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WASP-121b Secondary Eclipses Revisited Using TESS Observation


We present the detection and characterization of the ultrahot Jupiter WASP-121b (\({{R}_{p}} \simeq 1.865{\kern 1pt} {{R}_{J}}\), \({{M}_{p}} \simeq 1.184{\kern 1pt} {{M}_{J}}\)) around F6 spectral type star (\(V{{ = 10.4}^{m}}\)) using observations from the Transiting Exoplanet Survey Satellite (TESS). The host star is located \(270.0 \pm 90.0\) pc away with a radius of \((1.45 \pm 0.03){\kern 1pt} {{R}_{ \odot }}\) and a mass of \((1.35 \pm 0.06){\kern 1pt} {{M}_{ \odot }}\). We study the publicly available data collected by the TESS in sector 7. We apply Gaussian processes (GPs) to model the systematic noise and the Markov Chain Monte Carlo (MCMC) method to fit it to the data. After removing the instrumental systematic noise, we reliably detect the secondary eclipse with a depth of \(486_{{ - 25}}^{{ + 24}}\) parts-per-million (ppm) and planet-to-star radius ratio, \(p = 0.1237_{{ - 0.0002}}^{{ + 0.0001}}\). The transit ephemeris of WASP-121b is updated using the MCMC method. Finally, to complement our study, we use updated ephemeris to investigate transit time variations (TTVs) for WASP-121b. We observe small variations from the constant-period models in our transit time data.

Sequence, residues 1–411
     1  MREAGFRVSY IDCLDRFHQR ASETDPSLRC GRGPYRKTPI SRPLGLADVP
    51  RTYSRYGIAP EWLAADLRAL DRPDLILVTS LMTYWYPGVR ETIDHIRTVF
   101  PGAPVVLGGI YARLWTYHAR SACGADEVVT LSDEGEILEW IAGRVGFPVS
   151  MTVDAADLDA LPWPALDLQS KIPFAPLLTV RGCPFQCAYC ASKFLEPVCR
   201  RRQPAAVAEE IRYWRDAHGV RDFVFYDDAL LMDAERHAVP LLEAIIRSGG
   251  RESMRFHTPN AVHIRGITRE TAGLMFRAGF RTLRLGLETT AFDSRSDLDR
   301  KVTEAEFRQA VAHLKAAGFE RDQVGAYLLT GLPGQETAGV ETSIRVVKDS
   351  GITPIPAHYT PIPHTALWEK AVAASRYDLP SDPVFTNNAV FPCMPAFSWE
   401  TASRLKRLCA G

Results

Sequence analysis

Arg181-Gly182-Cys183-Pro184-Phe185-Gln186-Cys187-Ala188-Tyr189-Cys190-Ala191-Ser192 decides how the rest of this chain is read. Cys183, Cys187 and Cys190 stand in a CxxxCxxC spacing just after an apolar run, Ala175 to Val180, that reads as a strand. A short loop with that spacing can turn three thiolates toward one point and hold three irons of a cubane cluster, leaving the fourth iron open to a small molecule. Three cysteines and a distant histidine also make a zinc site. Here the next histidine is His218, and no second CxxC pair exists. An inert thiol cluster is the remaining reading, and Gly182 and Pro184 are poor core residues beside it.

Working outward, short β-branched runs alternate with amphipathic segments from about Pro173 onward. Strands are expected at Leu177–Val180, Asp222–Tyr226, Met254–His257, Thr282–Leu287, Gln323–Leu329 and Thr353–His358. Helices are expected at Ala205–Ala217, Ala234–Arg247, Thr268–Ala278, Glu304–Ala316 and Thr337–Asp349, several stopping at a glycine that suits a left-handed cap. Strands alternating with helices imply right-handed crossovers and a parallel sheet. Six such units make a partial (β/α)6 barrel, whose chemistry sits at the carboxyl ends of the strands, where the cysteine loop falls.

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NASA’s Science Mission Directorate funds the TESS mission. Our work is based on data collected by this mission, available at Mikulski Archive for Space Telescopes (MAST). Special thanks to Mahmoudreza Oshagh, who helped with useful suggestions that greatly improved the paper, and fruitful discussions on the topics covered in this paper.

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Correspondence to Mohammad Eftekhar.

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Eftekhar, M. WASP-121b Secondary Eclipses Revisited Using TESS Observation. Astron. Rep. 66, 606–615 (2022).

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  • planetary systems
  • stars, individual, WASP-121
  • techniques: photometric methods, data analysis